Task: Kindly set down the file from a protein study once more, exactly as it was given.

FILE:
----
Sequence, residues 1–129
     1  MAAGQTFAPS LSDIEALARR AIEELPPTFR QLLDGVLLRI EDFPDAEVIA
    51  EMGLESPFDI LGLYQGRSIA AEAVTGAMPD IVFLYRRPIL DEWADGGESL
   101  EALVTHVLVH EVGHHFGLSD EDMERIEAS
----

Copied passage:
Sequence, residues 1–129
     1  MAAGQTFAPS LSDIEALARR AIEELPPTFR QLLDGVLLRI EDFPDAEVIA
    51  EMGLESPFDI LGLYQGRSIA AEAVTGAMPD IVFLYRRPIL DEWADGGESL
   101  EALVTHVLVH EVGHHFGLSD EDMERIEAS